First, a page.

Once you have finished your Abitur the world lies at your feet: time to get started! But where do you want to go? What do you want to do next? What do you want to study? These are not easy decisions to make in this jungle of 1000 possibilities.
According to a study by the CHE (Center for Higher Education Development), there are approximately half a million new students each year. School leavers have to make important life choices, and nowadays there is so much choice that it is easy to feel overwhelmed. How is it possible to even know what you want to study?
And even when you have finally decided, you might still be faced with the problem that a number of different study programs interest you. If this is the case, it’s time to weigh up the facts. Think about what would be the most fun, and what study programs offer the best prospects for the future?
Or you might have to think about whether your grades are sufficient. Many study programs have specific admission requirements that it is not easy to get around. But if you don’t meet the demands then you need to be patient: there is always the clearing process.
How to choose the right subject
- Self reflection: First you have to decide what your strengths and weaknesses are. Even at school you know which subjects you like and which ones you don’t. What are you interested in? What do you find fun? What are you good at? Just answering these simple questions might make it possible for you to eliminate certain subjects. Then it’s a good idea to find out what your friends and family think about your goals and your dream study program. They know you and their opinions are just as important as what you think about yourself.
- Seek advice: The Student Counselling Center at the University of Stuttgart is not only there to give advice during your studies but also BEFORE. The center can help you to choose the right study program – no one’s got more experience in this area than they do. They can help you choose the subject best suited to you. And if your chosen study program turns out not to be the one for you, they can also help you further. Their goal is not to ‘convince’ you to study at the University of Stuttgart. If a subject or apprenticeship that is not offered at the University of Stuttgart is the right one for you they will help and support you nonetheless.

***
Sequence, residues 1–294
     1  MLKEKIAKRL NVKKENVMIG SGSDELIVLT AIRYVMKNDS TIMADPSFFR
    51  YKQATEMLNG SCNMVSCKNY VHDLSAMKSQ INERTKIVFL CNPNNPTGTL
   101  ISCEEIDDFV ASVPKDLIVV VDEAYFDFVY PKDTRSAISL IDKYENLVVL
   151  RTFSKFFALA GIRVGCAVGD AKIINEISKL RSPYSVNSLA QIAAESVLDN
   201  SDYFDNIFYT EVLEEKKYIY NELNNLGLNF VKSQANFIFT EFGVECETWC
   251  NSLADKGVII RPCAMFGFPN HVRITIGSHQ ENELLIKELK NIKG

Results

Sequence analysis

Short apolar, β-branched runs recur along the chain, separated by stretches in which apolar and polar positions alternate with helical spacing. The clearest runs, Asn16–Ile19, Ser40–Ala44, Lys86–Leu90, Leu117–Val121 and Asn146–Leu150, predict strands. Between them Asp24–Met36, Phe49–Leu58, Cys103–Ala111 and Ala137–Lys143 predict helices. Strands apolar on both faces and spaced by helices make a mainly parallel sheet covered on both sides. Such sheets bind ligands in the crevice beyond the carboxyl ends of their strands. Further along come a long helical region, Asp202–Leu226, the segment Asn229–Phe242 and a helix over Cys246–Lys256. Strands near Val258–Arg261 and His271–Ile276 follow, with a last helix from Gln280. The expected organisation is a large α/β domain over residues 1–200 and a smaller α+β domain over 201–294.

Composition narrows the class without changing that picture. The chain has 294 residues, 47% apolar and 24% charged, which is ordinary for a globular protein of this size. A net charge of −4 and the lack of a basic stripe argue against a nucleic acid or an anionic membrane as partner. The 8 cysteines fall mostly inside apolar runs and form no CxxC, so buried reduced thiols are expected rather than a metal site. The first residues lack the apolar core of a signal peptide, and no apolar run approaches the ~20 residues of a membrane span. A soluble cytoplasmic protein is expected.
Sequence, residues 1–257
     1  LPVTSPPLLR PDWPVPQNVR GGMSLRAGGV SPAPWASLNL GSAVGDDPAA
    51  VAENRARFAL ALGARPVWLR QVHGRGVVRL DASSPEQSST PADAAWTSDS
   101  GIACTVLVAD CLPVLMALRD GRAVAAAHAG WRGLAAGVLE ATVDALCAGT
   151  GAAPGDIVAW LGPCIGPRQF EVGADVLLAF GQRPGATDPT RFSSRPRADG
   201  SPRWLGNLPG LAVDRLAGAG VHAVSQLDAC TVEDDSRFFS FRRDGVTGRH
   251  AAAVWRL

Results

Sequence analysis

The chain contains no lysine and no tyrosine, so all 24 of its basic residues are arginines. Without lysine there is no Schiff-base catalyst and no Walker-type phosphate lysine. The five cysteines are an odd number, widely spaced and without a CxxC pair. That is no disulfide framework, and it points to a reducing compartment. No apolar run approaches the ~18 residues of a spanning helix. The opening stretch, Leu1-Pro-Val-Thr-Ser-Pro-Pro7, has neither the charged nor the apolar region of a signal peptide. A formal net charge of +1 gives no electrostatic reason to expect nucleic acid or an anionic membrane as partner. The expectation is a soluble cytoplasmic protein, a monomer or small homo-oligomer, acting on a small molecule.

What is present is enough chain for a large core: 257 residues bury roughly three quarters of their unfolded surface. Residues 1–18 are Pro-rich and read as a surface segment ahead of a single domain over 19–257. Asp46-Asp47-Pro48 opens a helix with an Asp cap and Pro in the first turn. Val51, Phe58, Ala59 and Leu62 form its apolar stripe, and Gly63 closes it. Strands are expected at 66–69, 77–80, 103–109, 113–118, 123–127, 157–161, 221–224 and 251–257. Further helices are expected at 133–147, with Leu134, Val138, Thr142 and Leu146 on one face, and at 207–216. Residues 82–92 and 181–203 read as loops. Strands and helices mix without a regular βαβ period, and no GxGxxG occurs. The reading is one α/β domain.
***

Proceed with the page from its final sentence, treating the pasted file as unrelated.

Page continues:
- Practical experience: We can profit from others’ experiences. It can be helpful to ask an alumnus about their experiences and what he or she would do differently if they could start over.
- Admission requirements: Most study programs have specific admission requirements (average grade, internships, etc.). These requirements might mean that you can already eliminate some subjects, which can save you time when you’re writing your applications. Or what if you get accepted in a city other than the one you live in? Would you be prepared to move? These are things you need to think about beforehand.
- Research: There are a huge amount of study programs on offer. There are lots of specialized subjects and new ones are introduced every semester. If you look at the relevant study program profiles, it is possible to see what they focus on. You can find an overview of the study programs on offer at the University of Stuttgart here. Anyone who wants to find out more can also visit an education fair.
Finding inspiration abroad
For anyone who can’t make up their mind, it might be a good idea to take some time out after finishing school to go traveling abroad. There are lots of different opportunities for anyone wishing to do this, such as Work&Travel, working as an au pair or doing voluntary work. This might help you to discover more about yourself and find out exactly what you want.
Finding a study program that suits you is not always easy. Not everyone knows right away what they want to study. The study program you chose has a big influence on your future and no one finds it easy to make such a big decision. That’s why I would recommend that you get some professional advice, or at least gather a few different opinions. You could visit the Agentur für Arbeit or get some advice from the Student Counselling Center at the Uni Stuttgart.